Montclair Planning Board Passes Seymour Street Arts District Resolution

BY  |  Tuesday, Sep 26, 2017 8:43am  |  COMMENTS (0)

The Montclair Planning Board

The Montclair Planning Board had an uncharacteristically short meeting on September 25, during which the main order of business was to pass the resolution that would memorialize the recently approved Seymour Street arts district project.  Pinnacle CEO Brian Stolar, whose company is developing the new arts district with Brookfield, was in the gallery looking on as the board finalized the wording of the resolution.

Board member Martin Schwartz read over a few changes to the language of the resolution that were included in the final version, some of which were suggested by Board Vice Chair Keith Brodock, who, along with board member Carmel Loughman, was absent.  One change involved insuring that the pavement used on the frontage would flow well with the pavement for the plaza, and another change said that the application would provide a record set, “signed and sealed, by the respective responsible professional of all plans and submittals to the board,” including sight plans, engineering drawings, architectural drawings and renderings, and landscape architecture drawings and renderings, among other things.

The most significant rewording involved the clause that required electronic signage at the entrances to the planned South Fullerton Avenue and South Willow Street parking decks informing motorists of available spaces for cars.   The use of any future digital signage in other parts of town directing people to park would have to be interconnected with the digital signage in the arts district and require cooperation from the applicant, as one of the conditions. Thomas Trautner, the attorney for the applicant, suggested a clause saying that the application “shall not be required to purchase additional software or hardware for other locations” if said locations are interconnected with the digital signage at the parking decks built for the arts district.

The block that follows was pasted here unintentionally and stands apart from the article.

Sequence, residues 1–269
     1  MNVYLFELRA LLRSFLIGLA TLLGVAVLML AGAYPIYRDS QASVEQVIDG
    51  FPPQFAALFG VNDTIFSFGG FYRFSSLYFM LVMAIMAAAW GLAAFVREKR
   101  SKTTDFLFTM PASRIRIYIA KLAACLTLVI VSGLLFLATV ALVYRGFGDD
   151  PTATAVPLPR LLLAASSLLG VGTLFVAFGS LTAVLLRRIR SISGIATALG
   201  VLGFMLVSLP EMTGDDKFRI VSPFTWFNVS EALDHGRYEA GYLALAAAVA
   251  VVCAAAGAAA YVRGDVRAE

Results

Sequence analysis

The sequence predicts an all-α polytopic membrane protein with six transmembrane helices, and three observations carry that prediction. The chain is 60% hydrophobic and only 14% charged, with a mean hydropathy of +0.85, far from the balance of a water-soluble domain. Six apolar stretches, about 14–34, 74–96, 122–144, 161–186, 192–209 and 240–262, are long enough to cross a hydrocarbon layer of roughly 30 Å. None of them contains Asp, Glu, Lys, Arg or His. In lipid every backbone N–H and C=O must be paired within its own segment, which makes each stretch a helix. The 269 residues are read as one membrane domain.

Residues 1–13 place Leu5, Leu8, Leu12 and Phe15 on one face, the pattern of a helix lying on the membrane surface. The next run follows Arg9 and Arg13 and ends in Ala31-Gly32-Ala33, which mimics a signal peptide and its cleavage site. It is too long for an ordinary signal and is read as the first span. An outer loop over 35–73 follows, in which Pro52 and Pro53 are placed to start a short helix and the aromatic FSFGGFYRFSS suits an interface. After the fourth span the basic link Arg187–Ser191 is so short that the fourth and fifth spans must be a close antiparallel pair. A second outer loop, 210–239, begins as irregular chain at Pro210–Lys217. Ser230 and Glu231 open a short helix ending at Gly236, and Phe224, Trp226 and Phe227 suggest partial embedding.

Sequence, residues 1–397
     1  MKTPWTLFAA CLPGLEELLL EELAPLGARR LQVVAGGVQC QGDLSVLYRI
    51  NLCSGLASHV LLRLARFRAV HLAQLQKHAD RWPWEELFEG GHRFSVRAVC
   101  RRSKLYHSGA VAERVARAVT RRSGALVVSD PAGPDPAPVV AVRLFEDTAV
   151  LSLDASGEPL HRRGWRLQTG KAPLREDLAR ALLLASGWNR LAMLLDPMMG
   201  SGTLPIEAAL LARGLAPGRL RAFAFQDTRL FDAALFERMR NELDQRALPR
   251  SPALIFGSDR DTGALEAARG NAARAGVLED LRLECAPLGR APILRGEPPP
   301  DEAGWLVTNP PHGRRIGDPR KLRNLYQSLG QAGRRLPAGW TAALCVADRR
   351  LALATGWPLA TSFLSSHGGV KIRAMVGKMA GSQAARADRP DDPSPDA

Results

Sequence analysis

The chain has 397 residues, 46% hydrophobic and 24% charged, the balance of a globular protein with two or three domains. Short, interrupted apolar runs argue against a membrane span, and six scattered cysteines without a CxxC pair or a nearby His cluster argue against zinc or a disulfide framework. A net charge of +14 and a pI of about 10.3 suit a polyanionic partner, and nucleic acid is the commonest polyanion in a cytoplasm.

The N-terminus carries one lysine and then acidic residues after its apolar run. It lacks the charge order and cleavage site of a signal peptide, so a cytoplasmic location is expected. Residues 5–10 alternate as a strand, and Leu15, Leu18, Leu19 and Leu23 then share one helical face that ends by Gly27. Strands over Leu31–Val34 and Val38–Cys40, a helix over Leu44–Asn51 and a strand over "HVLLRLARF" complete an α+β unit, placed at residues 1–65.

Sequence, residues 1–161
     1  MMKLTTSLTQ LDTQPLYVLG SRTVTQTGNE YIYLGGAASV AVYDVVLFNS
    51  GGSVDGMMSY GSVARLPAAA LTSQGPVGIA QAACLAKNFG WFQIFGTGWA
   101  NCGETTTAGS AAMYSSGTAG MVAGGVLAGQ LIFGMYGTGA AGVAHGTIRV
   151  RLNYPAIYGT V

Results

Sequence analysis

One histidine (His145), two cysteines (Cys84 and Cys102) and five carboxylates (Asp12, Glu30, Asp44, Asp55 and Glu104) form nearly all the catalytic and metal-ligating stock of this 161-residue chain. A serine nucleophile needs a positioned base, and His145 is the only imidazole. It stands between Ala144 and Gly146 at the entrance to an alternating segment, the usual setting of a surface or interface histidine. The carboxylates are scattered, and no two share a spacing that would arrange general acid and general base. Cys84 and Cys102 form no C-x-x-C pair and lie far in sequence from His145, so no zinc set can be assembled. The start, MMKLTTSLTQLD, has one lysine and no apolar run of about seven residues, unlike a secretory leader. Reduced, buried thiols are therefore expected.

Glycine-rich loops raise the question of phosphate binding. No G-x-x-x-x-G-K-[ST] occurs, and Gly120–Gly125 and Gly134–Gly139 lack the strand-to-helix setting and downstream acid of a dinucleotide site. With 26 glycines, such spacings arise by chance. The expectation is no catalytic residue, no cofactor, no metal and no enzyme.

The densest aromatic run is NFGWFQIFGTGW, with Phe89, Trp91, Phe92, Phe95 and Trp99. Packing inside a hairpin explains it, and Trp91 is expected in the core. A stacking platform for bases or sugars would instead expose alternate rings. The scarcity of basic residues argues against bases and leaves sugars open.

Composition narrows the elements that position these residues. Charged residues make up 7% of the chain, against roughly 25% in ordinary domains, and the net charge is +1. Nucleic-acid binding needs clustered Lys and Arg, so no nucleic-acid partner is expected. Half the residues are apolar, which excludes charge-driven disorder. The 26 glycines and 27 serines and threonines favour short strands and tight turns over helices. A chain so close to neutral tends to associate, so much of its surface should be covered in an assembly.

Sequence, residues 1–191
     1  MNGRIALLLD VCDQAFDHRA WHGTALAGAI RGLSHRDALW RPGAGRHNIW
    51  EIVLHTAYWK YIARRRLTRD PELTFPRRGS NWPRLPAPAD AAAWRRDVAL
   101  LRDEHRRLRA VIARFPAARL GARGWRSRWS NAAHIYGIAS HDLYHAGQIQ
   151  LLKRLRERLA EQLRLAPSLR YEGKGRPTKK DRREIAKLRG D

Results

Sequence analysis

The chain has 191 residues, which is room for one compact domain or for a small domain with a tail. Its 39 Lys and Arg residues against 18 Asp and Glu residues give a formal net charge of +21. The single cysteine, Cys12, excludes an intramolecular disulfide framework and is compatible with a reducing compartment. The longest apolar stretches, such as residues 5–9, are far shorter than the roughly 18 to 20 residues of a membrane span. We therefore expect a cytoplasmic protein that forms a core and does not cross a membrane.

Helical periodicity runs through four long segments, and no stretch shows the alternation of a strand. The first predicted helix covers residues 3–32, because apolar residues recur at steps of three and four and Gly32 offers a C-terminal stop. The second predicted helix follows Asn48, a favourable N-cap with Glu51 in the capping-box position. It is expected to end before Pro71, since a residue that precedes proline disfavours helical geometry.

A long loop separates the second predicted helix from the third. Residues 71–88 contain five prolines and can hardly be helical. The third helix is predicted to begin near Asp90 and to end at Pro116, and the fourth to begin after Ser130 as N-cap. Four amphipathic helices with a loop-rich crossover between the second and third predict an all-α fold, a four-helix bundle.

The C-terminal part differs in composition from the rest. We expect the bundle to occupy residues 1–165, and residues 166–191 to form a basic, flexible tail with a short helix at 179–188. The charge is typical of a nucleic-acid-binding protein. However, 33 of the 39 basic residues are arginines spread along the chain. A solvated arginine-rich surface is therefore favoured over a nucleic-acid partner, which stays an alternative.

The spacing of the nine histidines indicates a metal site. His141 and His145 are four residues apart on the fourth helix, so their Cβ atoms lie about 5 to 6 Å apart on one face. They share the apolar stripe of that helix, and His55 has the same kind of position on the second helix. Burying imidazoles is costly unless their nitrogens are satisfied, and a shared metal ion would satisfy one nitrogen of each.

The final vote among the seven members present including Board Chairman John Wynn, was 6-0-1, with board member Anthony Ianuale abstaining.  Schwartz acknowledged Mayor Robert Jackson for advocating the project, and he praised the township council for giving the board the time and the opportunity to work on the Seymour Street plan and get it right, saying also that it was an excellent plan that would bring great benefits to Montclair.  Schwartz also commended the council for its foresight.  (Deputy Mayor / Second Ward Councilor Robin Schlager was not present for the Planning Board vote on the Seymour Street resolution.) The board then went on to approve the resolution for Timothy Bray’s subdivision of a Claremont Avenue lot that will yield a new duplex house on Willard Place and the resolution for the renovation of the building at 10 North Willow Street. Continue Reading

Montclair Council: Edgemont Park Improvements, Waste Receptacles, Private Streets, Mitochondrial Disease Awareness

BY  |  Wednesday, Sep 20, 2017 8:06am  |  COMMENTS (7)

The Montclair Township Council had a light agenda for its September 19 meeting, passing eight pending ordinances and six resolutions, as well as the bill list.  One resolution that got much commentary from members of the council was the one awarding a contract to Abraham General Construction for improvements to Edgemont Park.

The Montclair Township Council

Fourth Ward Councilor Renée Baskerville said the improvements that members of the Parks and Recreation Advisory Committee proposed for the park were “outstanding,” and she said that committee members hope to be more involved with the council in all issues regarding parks and open spaces.  Deputy Mayor / Second Ward Councilor Robin Schlager said that the Friends of Edgemont park group was also supportive.  But Dr. Baskerville asked if the money was left over from a previous source for park spending, or “reprogrammed.”

Acting Township Manager Tim Stafford explained that funds were in fact reprogrammed from Green Acres funding for Edgemont Park. He said there was more funding possible through the state Green Acres program, and he added that Montclair has sent a letter to the state asking to be kept informed of such funding.  Mayor Robert Jackson has a sent a letter to the state endorsing such funding. Continue Reading

Montclair Planning Board and EDC Have Different Ideas About Supermarket For Lackawanna Plaza

BY  |  Tuesday, Sep 12, 2017 6:45am  |  COMMENTS (3)

An early-twentieth-century picture of the old Lackawanna railway terminal.

The Montclair Planning Board spent its September 11 meeting finalizing one application and foregoing another, but before all that, they heard from the Montclair Township Council’s Economic Development Committee (EDC)  – which includes the Planning Board’s council liaison, Deputy Mayor / Second Ward Councilor Robin Schlager – about the feedback the committee received on the board’s critique of the Lackawanna Plaza redevelopment plan.  Despite the extensive briefing, the Planning Board did not engage in a public tête-à-tête with the committee members, but Chairman John Wynn appreciated the EDC’s input.